Caudata is an order of amphibians with great variation in genome size, which can reach enormous dimensions in salamanders. In this work, we analysed the activity of transposable elements (TEs) in the transcriptomes obtained from female and male gonads of the Chinese fire-bellied newt, Cynops orientalis, a species with a genome about 12-fold larger than the human genome. We also compared these data with genomes of two basal sarcopterygians, coelacanth and lungfish. In the newt our findings highlighted a major impact of non-LTR retroelements and a greater total TE activity compared to the lungfish Protopterus annectens, an organism also characterized by a giant genome. This difference in TE activity might be due to the presence of young copies in newt in agreement also with the increase in the genome size, an event that occurred independently and later than lungfish. Moreover, the activity of 33 target genes encoding proteins involved in the TE host silencing mechanisms, such as Ago/Piwi and NuRD complex, was evaluated and compared between the three species analysed. These data revealed high transcriptional levels of the target genes in both newt and lungfish and confirmed the activity of NuRD complex genes in adults. Finally, phylogenetic analyses performed on PRDM9 and TRIM28 allowed increasing knowledge about the evolution of these two key genes of the NuRD complex silencing mechanism in vertebrates. Our results confirmed that the gigantism of the newt genomes may be attributed to the activity and accumulation of TEs.

Investigation of the activity of transposable elements and genes involved in their silencing in the newt Cynops orientalis, a species with a giant genome

Gerdol, Marco;Greco, Samuele;
2021-01-01

Abstract

Caudata is an order of amphibians with great variation in genome size, which can reach enormous dimensions in salamanders. In this work, we analysed the activity of transposable elements (TEs) in the transcriptomes obtained from female and male gonads of the Chinese fire-bellied newt, Cynops orientalis, a species with a genome about 12-fold larger than the human genome. We also compared these data with genomes of two basal sarcopterygians, coelacanth and lungfish. In the newt our findings highlighted a major impact of non-LTR retroelements and a greater total TE activity compared to the lungfish Protopterus annectens, an organism also characterized by a giant genome. This difference in TE activity might be due to the presence of young copies in newt in agreement also with the increase in the genome size, an event that occurred independently and later than lungfish. Moreover, the activity of 33 target genes encoding proteins involved in the TE host silencing mechanisms, such as Ago/Piwi and NuRD complex, was evaluated and compared between the three species analysed. These data revealed high transcriptional levels of the target genes in both newt and lungfish and confirmed the activity of NuRD complex genes in adults. Finally, phylogenetic analyses performed on PRDM9 and TRIM28 allowed increasing knowledge about the evolution of these two key genes of the NuRD complex silencing mechanism in vertebrates. Our results confirmed that the gigantism of the newt genomes may be attributed to the activity and accumulation of TEs.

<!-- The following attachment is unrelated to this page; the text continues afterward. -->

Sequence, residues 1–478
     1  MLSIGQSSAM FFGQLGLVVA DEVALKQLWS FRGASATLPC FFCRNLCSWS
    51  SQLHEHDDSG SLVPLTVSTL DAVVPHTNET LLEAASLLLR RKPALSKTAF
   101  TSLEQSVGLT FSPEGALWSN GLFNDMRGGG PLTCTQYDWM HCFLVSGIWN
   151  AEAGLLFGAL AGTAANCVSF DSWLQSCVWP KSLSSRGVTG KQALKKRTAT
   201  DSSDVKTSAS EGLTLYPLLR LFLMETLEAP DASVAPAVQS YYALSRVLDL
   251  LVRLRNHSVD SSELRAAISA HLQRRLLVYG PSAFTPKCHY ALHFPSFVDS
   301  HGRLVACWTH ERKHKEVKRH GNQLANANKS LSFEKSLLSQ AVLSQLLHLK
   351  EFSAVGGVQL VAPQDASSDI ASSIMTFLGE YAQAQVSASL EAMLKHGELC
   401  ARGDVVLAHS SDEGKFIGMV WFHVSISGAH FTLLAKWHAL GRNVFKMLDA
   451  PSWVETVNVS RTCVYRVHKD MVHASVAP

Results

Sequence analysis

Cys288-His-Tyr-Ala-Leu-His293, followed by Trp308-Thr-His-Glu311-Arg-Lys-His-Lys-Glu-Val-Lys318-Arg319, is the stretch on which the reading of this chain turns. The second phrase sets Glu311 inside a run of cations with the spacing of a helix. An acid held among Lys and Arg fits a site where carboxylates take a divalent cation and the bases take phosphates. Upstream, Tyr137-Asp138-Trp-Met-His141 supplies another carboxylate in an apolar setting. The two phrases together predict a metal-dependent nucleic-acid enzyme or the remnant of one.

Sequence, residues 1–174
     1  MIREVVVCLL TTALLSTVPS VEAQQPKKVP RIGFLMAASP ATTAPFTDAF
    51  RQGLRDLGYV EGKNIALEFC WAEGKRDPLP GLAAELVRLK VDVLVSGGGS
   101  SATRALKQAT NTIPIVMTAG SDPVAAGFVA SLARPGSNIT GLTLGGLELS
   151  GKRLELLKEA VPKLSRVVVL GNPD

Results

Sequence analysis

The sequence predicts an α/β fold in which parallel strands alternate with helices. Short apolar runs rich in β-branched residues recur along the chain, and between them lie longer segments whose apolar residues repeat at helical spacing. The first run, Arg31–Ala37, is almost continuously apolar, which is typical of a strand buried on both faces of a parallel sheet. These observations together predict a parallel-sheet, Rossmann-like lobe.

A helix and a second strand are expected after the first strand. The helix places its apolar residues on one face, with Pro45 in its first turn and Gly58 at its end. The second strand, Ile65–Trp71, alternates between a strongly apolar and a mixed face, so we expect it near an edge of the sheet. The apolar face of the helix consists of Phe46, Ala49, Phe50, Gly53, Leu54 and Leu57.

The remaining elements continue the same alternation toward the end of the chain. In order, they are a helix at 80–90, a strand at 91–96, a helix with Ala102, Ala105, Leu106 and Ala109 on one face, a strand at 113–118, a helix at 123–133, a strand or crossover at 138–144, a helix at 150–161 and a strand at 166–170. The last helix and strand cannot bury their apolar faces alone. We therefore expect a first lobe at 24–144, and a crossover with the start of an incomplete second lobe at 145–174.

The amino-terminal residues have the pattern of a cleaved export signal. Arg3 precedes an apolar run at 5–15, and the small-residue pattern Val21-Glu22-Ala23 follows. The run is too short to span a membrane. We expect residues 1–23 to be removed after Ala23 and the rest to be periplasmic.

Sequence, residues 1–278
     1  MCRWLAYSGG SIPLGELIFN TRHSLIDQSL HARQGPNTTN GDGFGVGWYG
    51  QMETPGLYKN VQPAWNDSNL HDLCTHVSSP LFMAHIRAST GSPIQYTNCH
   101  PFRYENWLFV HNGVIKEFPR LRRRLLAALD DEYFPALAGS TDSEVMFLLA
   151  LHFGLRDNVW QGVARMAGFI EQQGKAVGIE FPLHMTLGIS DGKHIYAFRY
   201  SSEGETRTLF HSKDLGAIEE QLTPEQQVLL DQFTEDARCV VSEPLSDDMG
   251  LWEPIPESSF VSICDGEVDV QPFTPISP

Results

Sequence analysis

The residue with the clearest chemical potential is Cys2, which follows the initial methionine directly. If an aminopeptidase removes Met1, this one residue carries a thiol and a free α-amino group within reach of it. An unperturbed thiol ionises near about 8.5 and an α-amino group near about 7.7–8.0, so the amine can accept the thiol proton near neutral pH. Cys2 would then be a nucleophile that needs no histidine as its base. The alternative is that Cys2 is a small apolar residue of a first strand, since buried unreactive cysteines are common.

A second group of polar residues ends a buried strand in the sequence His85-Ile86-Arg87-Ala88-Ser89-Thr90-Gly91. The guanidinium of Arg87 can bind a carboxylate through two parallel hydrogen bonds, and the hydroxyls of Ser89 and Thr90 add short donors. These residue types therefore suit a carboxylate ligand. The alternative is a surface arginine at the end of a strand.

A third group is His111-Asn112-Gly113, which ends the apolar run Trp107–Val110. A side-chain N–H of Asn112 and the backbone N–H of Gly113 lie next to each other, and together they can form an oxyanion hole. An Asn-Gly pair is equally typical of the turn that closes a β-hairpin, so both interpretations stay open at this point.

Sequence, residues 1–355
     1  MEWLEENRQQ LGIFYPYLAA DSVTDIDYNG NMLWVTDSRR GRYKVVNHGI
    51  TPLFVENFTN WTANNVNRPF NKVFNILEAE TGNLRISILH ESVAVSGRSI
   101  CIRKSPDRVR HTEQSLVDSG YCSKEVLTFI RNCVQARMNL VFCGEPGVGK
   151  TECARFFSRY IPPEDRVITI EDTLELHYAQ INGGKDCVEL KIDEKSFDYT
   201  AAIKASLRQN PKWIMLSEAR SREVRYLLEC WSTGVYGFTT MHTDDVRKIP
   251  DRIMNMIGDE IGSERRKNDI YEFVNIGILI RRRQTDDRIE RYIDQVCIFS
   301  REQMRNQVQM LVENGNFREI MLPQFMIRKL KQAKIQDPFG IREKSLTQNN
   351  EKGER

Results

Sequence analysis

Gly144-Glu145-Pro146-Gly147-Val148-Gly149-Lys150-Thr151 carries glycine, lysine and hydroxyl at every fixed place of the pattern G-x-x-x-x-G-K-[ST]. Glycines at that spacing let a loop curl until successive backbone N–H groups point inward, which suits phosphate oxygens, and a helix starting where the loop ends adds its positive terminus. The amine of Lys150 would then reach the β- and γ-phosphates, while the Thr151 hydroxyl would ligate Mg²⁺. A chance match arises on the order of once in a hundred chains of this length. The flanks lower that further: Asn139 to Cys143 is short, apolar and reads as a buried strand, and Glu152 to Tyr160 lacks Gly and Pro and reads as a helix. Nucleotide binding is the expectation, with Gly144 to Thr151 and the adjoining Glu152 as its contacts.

2021
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https://www.nature.com/articles/s41598-021-94193-6
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Descrizione: Supplementary Information The online version contains supplementary material available at https:// doi. org/ 10. 1038/ s41598- 021- 94193-6
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Utilizza questo identificativo per citare o creare un link a questo documento: https://hdl.handle.net/11368/2993656
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